24/02/2014 06:30 GMT | Updated 26/04/2014 06:59 BST

Ukraine: Could EU Referendum have Prevented Bloodshed and Chaos?

Ukraine and the United Kingdom seem to have one thing in common, a problem deciding if they do or don't want to be in the European Union.

And the mini revolution that has taken place with the loss of 100 plus lives might have been prevented had President Victor Yanukovich, who was against EU membership, offered to hold a referendum on the issue.

Now that he has been removed in what amounts to a lack of confidence by the nation's parliament, that same parliament immediately announced it will seek close ties with the EU and less close ties with its neighbour Russia.

Acting President Oleksander Turchinov said Ukraine's new leaders wanted relations with Russia on a "new, equal and good-neighborly footing that recognizes and takes into account Ukraine's European choice" Yet, this decision has also been made without the mention of holding a referendum on the action.

Why is a referendum important here? Ukraine is a country divided between the western oriented and largely Roman Catholic west and the Russian oriented and Orthodox Church east. The nation can be compared to the north and south in the USA...very different. The two regions are divided by the Dnieper River. If ever there was a case for such a vote, Ukraine's divided nation offers a good one.

Aside from having a civil war on the issue of which block the country will be allied with, the democratic way would be to hold a popular vote on the issue. To simply change direction with a new government could be inviting another uprising in the future.

It should be pointed out that unlike what some newspapers have reported, Yanukovich was not a dictator. He may have acted that way, but so have some UK prime ministers. He was democratically elected and driven out of office through undemocratic means. The parliament stripping him of office happened after he had fled Kiev.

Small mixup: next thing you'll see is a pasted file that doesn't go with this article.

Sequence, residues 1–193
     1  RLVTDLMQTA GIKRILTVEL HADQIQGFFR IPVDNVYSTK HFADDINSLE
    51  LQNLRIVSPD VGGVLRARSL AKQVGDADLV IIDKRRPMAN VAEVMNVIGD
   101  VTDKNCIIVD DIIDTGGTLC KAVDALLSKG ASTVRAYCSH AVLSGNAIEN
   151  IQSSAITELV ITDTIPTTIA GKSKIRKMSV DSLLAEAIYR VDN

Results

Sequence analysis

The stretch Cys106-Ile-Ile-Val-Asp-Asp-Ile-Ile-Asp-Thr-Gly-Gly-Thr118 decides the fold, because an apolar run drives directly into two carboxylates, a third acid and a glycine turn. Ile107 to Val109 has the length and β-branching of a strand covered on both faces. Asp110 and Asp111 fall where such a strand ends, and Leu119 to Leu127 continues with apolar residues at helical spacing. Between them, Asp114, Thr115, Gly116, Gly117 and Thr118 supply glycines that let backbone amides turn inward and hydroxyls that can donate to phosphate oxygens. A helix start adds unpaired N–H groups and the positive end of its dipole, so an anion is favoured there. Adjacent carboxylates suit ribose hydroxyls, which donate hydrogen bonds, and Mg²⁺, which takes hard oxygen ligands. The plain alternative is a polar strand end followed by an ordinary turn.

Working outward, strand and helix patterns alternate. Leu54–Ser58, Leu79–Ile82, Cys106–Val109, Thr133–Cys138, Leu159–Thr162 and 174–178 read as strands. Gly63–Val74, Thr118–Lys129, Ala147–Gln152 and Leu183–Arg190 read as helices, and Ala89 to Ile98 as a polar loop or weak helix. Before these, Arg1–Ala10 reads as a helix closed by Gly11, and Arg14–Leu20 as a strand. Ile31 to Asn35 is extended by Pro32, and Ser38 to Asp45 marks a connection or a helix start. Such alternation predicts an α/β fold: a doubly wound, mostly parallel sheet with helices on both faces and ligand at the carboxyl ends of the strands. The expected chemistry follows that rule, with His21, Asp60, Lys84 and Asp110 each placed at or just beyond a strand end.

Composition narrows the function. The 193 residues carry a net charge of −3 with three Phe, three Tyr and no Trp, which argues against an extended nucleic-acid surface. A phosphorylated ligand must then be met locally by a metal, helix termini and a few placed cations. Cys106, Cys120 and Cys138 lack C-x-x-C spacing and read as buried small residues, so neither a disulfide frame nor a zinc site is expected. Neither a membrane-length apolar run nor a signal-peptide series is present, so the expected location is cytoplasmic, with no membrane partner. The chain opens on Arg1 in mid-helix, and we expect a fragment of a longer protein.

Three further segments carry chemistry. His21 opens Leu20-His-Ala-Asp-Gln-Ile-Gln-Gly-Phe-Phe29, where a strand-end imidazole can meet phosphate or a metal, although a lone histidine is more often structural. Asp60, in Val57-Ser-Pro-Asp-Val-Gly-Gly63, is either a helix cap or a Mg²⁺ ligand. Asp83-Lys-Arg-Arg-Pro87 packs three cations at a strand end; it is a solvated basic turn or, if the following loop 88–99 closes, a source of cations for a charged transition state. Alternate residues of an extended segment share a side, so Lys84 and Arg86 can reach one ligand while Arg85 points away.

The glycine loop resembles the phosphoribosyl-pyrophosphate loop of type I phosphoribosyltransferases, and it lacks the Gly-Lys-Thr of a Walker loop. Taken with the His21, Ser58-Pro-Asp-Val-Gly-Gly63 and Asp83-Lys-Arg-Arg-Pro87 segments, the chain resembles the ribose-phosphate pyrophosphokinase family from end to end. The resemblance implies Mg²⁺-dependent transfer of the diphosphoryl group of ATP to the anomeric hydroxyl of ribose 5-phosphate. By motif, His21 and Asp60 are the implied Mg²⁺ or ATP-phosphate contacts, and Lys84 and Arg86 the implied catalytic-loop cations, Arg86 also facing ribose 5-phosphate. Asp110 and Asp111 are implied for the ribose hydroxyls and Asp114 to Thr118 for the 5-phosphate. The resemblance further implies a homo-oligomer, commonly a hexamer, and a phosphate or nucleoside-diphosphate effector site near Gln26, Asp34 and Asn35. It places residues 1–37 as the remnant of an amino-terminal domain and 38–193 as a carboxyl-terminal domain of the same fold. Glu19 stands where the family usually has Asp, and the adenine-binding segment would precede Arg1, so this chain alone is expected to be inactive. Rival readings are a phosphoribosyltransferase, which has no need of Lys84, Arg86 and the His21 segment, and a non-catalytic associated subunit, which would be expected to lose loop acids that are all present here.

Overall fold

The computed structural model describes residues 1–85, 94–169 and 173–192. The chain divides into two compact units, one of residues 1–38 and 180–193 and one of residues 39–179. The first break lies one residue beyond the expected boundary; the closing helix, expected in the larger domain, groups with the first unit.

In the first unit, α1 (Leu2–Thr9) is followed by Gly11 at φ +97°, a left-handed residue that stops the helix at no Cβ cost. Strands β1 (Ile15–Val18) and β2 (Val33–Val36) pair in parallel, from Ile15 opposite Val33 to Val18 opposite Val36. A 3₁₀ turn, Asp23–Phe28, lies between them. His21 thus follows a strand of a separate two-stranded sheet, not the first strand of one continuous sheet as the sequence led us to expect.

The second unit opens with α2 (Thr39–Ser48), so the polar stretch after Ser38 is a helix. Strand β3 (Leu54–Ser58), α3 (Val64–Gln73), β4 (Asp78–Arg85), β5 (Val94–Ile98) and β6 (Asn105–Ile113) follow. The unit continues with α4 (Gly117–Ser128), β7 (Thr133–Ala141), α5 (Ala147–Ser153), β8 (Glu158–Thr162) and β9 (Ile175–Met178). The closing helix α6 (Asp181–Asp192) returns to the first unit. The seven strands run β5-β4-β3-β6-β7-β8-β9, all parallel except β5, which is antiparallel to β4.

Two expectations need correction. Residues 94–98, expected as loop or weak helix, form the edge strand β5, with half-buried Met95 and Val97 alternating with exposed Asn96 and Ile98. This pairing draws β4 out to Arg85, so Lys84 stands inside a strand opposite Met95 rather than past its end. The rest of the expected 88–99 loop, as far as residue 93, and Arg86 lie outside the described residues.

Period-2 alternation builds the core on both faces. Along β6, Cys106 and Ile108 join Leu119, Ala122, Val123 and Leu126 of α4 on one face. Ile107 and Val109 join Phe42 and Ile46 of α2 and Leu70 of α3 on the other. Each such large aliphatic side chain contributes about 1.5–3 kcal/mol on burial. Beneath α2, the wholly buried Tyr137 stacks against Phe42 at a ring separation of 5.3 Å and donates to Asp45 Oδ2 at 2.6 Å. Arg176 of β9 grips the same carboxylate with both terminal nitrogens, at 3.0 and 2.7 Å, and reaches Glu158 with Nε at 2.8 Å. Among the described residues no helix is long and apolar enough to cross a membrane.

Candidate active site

I'm not defending him since it appears the nation is loaded with corrupt politicians and billionaire business people who maintain their wealth by not sinking it back into Ukraine's dying economy.

The desire of many people to join the EU is the fantasy that membership will be the remedy for the country's economy. And you can bet many workers would like the luxury of being able to seek work anywhere in the EU.

European Union foreign policy chief Catherine Ashton will now travel to Ukraine, where she is expected to discuss measures to shore up the ailing economy. The finance ministry said is needs $35 billion in foreign aid over the next two years, with the first tranche needed within two weeks. Yet, this is only a wish not a reality, something Ashton may bring home to the new government.

In what might be compared to a mini Bolshevik Revolution sans communism, the idealistic left that began the protests is being replaced by the far right, even neo Nazis, something which won't help their prospects of EU membership. This also means that the eastern half of the nation, the Russian half, is less radical that the west.

Meanwhile the USA has warned Russia not to intervene in the situation and has expressed a hope the country would remain united.

According to some Ukrainians I have talked to, a big problem is that there are no non-corrupt qualified politicians. They are all in the pocket of some oligarch. The now freed former president Yulia Tymoshenko is such an oligarch with a fortune reputed to be much larger than anything Yanukovich has.

This upheaval, according to what I have heard, is far from over.